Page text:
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Extended Events

Introducing the Extended Events User Interface

Check out What's new for Extended Events in SQL Server Codenamed "Denali" CTP3 for an overview of all of the new functionality released in CTP3. This post details the new user interface. In my overview post I mentioned that the user interface is built directly into management studio (SSMS) and that there are four parts:

  1. The session list in Object Explorer.
  2. A Create Session wizard.
  3. A Create Session dialog.
  4. A display grid.

This post focuses on the mechanisms for creating event sessions and displaying event session data.

Creating and modifying event sessions

The New Session Wizard and dialog share many common UI elements, so I’ll just cover the dialog. If a notable difference exists for the wizard, I’ll call it out at the appropriate place. A picture is worth a thousand words, so here is the pictorial tour of the new user interface.

General page

 

The General page collects the basic information about the session:

· Name – You can figure this one out.

· Template – We’ve carried over the idea of templates similar to SQL Profiler. You can export any session you’ve created to a template (Expand the context menu of your event session and click Export Session…). If you save the template to the default location, it will show up in this dropdown under the User Templates category.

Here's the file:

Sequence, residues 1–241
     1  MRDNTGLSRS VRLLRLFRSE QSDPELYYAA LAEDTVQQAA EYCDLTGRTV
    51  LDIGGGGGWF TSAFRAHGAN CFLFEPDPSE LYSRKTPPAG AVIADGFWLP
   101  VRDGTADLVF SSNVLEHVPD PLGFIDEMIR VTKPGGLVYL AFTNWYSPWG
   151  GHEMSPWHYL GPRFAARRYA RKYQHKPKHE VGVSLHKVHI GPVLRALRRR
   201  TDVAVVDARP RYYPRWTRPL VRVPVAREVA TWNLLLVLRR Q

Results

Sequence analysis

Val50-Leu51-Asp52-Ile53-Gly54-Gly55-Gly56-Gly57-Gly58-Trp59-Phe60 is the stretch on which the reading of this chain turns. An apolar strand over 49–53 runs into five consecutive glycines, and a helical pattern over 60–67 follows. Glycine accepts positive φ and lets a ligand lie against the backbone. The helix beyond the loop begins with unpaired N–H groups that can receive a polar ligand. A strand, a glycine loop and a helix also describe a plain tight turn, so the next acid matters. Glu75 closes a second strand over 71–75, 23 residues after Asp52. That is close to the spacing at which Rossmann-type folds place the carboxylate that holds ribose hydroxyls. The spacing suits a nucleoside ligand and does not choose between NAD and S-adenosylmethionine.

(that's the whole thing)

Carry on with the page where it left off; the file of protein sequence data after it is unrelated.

· Schedule – You can choose to make this an Autostart event session, start the session immediately after you complete the dialog and even choose to start up the event stream viewer. (More on that later.)

· Causality Tracking – Turn on the correlation ids in your trace.

Wizard differences: These options are spread across three different wizard steps.

Event page - Library
The Event page has a couple parts. The Event Library allows you to select which events you want to add to your event session. The library supports Excel-like filtering using dropdown lists for Category and Channel. You can also search for specific events by just typing in the search text box. You choose an event by double-clicking or by selecting it and clicking the right arrow to move it to the Selected events list. We support Shift+Click and Ctrl+Click for choosing multiple events at once.
Event page – Configure

In Extended Events, each event can be extended to include additional data or cause a specific action, only fire under defined conditions and to enable optional fields. Clicking on the Configure button takes you to the advanced event configuration options. You configure an event by selecting it in the Selected events list and then setting the configuration options on one of the tabs. When you select multiple events, the configuration options will apply to all selected events.